A great way to create a connection with your audience is by sending them valuable content in addition to your podcast episodes.

Almost everyone loves a behind-the-scenes story: Try creating exclusive content or videos on how you create the shows.

No matter what kind of content you produce, you need to know your audience. It’s impossible to be truly creating for your audience if you don’t know them on a personal level.

Don’t assume things about your audience. Spend time researching to see what listeners are posting, sharing, and interested in. Choose some of your most engaged and consistent listeners to scope out, establishing an understanding of your ideal audience.

Tip 4: Ask listeners to share your podcast with friends and family

Getting show reviews and social mentions will really help you increase your audience. People tend to listen to the recommendations of their friends and family.

I don’t have to tell you how important word-of-mouth marketing is to podcasts. Friends are often the people we trust the most.

So leverage your email list to make specific and easy requests. Here’s how:

  1. Include Apple Podcasts, Google Play, and Spotify links at the bottom of every email so your listeners have an easy link to share.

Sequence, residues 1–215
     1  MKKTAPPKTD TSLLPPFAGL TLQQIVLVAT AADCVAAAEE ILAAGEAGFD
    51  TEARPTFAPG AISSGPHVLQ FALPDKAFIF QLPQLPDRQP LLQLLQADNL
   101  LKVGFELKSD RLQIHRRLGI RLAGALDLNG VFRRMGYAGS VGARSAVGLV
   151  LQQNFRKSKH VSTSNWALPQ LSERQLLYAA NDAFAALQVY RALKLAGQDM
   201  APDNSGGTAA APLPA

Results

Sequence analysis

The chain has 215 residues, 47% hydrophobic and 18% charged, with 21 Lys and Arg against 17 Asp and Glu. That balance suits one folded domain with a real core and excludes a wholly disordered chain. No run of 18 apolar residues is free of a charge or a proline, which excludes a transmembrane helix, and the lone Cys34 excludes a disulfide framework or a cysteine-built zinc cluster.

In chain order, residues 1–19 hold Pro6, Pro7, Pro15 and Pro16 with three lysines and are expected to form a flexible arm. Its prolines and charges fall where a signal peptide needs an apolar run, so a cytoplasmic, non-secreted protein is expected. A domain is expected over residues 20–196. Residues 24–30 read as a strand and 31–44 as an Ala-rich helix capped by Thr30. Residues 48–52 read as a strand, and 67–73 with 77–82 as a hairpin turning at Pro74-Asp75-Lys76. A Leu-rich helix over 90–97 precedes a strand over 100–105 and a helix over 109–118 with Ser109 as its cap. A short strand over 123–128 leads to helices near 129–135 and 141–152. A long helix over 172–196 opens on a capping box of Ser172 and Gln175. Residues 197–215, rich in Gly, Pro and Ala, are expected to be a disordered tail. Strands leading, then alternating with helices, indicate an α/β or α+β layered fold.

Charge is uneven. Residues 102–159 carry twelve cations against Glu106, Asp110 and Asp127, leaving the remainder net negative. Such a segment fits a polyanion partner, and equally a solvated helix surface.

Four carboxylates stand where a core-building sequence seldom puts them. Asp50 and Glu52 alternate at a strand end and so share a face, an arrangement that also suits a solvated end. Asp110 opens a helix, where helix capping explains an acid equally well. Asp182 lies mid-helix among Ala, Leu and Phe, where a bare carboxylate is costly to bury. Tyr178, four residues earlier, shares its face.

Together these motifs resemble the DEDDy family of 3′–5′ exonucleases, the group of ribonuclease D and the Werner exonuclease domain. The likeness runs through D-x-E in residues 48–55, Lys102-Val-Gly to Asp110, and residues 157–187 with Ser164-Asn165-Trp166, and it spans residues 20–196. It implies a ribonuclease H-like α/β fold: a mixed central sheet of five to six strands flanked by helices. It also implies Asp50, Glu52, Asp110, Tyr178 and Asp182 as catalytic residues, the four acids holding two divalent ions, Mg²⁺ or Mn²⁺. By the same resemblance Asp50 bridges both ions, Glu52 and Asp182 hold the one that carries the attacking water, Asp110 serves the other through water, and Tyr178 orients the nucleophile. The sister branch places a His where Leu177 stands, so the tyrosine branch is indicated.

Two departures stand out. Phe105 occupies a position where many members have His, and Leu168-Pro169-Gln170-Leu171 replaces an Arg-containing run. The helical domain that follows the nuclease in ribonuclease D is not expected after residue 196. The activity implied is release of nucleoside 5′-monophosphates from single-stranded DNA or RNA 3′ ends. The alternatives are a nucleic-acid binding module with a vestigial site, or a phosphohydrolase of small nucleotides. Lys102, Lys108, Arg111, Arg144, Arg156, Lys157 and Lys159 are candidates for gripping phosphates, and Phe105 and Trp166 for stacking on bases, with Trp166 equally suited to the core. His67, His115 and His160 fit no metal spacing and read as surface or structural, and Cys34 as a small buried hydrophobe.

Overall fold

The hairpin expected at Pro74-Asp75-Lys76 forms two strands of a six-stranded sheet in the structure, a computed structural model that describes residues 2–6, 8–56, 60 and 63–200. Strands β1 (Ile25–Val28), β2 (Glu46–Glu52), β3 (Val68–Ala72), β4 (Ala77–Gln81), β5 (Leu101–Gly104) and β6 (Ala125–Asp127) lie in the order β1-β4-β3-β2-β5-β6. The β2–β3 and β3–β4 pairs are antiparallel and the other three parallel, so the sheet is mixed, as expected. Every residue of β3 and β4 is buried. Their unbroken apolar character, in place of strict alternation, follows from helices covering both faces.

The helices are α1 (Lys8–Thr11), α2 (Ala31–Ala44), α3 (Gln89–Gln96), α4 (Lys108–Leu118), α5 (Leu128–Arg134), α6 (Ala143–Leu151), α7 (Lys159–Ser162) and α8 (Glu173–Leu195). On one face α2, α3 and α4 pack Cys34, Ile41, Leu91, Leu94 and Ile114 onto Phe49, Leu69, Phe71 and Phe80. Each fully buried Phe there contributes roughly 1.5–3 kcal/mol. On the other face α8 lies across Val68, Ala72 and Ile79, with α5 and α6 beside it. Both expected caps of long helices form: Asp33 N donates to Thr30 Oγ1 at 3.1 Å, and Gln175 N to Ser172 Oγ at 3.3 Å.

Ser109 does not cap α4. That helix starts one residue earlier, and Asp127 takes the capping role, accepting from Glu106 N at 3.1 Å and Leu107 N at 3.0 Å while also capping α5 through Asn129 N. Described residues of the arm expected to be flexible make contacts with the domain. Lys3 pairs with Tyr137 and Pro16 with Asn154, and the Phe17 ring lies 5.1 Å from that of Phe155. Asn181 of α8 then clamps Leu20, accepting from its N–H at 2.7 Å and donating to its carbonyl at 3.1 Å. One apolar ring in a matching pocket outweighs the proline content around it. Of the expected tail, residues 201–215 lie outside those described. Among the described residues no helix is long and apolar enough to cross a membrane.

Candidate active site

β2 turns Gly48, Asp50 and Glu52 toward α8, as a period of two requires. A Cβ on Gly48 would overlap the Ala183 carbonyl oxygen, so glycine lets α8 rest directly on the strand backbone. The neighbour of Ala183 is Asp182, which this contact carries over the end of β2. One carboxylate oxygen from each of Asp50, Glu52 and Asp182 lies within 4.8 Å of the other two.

2. Make a specific request to share on social, with links to your Instagram, YouTube, Facebook, and even TikTok accounts
  3. Send an email once a year (maybe close to the winter holidays?) all about the importance of social sharing and word-of-mouth referrals for your show.

Asking for help is tough for most podcasters. But if you want your show to grow, you have to play the game. Luckily, emails make it easier for people to share — they can simply forward your email along to their friends and family!

Tip 5: Promote your podcast

Your main reason for creating an email list is likely to help grow your show. So, use your email to promote your podcast! Email offers a platform where you can directly promote your podcast and keep subscribers informed.

However, it’s important to keep emails centered on their interests and not yours. Helpful content surrounding your podcast might include: